The Imminent Healthcare and Emergency Care Crisis in Japan
- Author(s): Suzuki, Tetsuji;
- Nishida, Masamichi;
- Suzuki, Yuriko;
- Kobayashi, Kunio
- et al.
Objectives: Japan has a universal healthcare system, and this paper describes the reality of the healthcare services provided, as well as current issues with the system.
Methods: Academic, government, and press reports on Japanese healthcare systems and healthcare guidelines were reviewed.
Results: The universal healthcare system of Japan is considered internationally to be both low-cost and effective because the Japanese population enjoys good health status with a long life expectancy, while healthcare spending in Japan is below the average given by the Organization for Economic Corporation and Development (OECD). However, in many regions of Japan the existing healthcare resources are seriously inadequate, especially with regard to the number of physicians and other health professionals. Because healthcare is traditionally viewed as “sacred” work in Japan, healthcare professionals are expected to make large personal sacrifices. Also, public attitudes toward medical malpractice have changed in recent decades, and medical professionals are facing legal issues without experienced support of the government or legal professionals. Administrative response to the lack of resources and collaboration among communities are beginning, and more efficient control and management of the healthcare system is under consideration.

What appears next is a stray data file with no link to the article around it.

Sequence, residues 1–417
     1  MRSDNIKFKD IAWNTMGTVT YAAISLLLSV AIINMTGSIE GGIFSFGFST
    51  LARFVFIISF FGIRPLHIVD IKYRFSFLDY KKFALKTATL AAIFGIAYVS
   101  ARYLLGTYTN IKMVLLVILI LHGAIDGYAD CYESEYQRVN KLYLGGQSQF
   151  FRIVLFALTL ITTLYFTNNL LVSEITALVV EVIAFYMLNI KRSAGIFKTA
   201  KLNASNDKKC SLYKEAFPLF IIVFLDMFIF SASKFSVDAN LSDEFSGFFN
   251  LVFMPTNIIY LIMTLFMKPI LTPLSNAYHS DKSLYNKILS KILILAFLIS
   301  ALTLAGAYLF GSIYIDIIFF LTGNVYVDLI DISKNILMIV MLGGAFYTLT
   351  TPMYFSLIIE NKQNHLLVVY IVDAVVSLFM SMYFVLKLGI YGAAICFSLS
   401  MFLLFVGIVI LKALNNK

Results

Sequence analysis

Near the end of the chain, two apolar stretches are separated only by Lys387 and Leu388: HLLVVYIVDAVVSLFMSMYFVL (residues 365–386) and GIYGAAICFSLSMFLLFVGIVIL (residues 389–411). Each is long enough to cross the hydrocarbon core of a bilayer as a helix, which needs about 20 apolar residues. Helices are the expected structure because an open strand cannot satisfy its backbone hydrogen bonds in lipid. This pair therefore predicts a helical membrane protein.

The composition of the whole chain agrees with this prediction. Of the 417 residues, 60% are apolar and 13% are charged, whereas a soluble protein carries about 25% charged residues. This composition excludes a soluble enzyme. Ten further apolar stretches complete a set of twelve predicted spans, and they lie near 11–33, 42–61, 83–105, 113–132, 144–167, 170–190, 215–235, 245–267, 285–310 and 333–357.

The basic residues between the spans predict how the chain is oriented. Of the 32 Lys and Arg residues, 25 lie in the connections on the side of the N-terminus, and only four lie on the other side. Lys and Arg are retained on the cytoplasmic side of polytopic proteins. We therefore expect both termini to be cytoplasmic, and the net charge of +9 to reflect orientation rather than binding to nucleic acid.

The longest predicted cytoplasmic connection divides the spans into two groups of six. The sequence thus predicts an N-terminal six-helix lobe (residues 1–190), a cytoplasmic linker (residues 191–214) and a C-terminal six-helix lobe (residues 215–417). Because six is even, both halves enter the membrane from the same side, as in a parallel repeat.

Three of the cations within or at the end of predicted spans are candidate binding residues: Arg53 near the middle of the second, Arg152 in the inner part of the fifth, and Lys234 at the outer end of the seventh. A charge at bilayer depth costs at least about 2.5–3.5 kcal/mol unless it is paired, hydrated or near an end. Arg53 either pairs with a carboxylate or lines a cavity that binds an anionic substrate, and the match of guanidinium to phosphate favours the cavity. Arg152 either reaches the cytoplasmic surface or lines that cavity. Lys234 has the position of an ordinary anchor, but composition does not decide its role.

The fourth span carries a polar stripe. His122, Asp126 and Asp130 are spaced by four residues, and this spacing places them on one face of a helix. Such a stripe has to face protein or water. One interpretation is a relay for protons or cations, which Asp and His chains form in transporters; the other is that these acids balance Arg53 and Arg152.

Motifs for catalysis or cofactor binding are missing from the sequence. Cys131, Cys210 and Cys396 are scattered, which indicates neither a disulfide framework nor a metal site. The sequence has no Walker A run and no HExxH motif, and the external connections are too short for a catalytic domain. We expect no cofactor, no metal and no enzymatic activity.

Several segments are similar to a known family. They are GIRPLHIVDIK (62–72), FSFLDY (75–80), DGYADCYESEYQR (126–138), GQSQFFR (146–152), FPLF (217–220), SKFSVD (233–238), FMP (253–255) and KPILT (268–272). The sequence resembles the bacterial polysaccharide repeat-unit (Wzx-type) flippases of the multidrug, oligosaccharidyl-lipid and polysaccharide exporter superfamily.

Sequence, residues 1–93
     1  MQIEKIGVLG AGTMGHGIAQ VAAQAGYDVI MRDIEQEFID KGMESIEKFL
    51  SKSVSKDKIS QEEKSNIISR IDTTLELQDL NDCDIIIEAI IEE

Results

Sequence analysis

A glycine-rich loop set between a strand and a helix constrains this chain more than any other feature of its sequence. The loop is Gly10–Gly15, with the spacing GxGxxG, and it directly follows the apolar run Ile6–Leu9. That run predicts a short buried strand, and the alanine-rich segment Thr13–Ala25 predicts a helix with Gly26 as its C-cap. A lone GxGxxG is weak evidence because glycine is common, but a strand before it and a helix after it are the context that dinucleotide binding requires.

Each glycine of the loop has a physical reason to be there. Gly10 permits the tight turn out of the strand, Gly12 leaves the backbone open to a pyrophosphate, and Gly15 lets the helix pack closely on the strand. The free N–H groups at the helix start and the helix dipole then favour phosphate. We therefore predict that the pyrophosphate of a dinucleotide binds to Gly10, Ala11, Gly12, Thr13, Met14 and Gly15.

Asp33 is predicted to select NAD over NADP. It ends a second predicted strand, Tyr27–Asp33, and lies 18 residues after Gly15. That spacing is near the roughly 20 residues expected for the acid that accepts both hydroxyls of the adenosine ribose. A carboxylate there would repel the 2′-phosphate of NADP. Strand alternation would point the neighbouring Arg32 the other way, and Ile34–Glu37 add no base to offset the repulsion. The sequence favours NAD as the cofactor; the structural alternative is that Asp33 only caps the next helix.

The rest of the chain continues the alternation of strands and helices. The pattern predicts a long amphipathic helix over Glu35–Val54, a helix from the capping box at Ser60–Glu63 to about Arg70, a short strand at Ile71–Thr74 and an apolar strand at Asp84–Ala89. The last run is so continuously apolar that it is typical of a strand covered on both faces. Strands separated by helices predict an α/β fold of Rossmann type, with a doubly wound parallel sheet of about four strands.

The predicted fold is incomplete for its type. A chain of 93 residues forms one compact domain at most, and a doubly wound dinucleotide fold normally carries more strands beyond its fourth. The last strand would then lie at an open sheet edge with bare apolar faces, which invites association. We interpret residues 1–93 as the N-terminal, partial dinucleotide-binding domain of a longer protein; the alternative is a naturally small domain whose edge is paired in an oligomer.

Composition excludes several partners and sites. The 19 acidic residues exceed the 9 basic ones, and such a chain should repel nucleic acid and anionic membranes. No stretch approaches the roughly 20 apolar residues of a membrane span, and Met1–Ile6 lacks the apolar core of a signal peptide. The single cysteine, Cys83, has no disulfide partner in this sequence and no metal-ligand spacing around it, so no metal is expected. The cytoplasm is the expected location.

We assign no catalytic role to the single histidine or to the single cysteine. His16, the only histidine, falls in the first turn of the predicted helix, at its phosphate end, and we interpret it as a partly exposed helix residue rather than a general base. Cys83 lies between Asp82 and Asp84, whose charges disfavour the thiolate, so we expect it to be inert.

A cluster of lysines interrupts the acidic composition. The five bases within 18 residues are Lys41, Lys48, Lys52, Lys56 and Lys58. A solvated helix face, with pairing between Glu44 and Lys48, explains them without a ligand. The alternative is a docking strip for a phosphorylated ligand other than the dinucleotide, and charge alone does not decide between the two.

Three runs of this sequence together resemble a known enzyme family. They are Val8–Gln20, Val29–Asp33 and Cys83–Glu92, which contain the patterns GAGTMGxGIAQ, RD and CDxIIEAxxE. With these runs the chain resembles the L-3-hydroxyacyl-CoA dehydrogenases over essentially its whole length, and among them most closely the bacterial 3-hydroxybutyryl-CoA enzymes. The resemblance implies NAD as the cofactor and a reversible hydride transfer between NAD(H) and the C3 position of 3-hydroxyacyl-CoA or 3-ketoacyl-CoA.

Conclusion: The Japanese healthcare system needs to adopt an efficient medical control organization to ease the strain on existing healthcare professionals and to increase the number of physicians and other healthcare resources. Rather than continuing to depend on healthcare professionals being able and willing to make personal sacrifices, the government, the public and medical societies must cooperate and support changes in the healthcare system.